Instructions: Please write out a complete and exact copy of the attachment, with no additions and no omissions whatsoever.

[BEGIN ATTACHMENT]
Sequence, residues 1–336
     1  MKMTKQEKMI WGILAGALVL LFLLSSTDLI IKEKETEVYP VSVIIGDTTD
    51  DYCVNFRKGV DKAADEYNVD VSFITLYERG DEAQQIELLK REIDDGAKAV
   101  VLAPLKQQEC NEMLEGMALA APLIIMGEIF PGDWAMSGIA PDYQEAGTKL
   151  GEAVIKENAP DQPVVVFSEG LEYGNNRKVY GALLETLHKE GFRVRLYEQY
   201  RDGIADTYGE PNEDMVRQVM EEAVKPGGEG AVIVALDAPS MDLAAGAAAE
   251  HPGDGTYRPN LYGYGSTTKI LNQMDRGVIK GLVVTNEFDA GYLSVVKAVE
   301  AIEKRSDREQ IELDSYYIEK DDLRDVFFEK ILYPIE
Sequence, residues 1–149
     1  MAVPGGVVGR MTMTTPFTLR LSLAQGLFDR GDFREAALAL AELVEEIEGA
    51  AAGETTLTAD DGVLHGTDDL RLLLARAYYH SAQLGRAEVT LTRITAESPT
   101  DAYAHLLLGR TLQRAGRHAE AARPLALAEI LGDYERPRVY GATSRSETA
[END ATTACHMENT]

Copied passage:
Sequence, residues 1–336
     1  MKMTKQEKMI WGILAGALVL LFLLSSTDLI IKEKETEVYP VSVIIGDTTD
    51  DYCVNFRKGV DKAADEYNVD VSFITLYERG DEAQQIELLK REIDDGAKAV
   101  VLAPLKQQEC NEMLEGMALA APLIIMGEIF PGDWAMSGIA PDYQEAGTKL
   151  GEAVIKENAP DQPVVVFSEG LEYGNNRKVY GALLETLHKE GFRVRLYEQY
   201  RDGIADTYGE PNEDMVRQVM EEAVKPGGEG AVIVALDAPS MDLAAGAAAE
   251  HPGDGTYRPN LYGYGSTTKI LNQMDRGVIK GLVVTNEFDA GYLSVVKAVE
   301  AIEKRSDREQ IELDSYYIEK DDLRDVFFEK ILYPIE
Sequence, residues 1–149
     1  MAVPGGVVGR MTMTTPFTLR LSLAQGLFDR GDFREAALAL AELVEEIEGA
    51  AAGETTLTAD DGVLHGTDDL RLLLARAYYH SAQLGRAEVT LTRITAESPT
   101  DAYAHLLLGR TLQRAGRHAE AARPLALAEI LGDYERPRVY GATSRSETA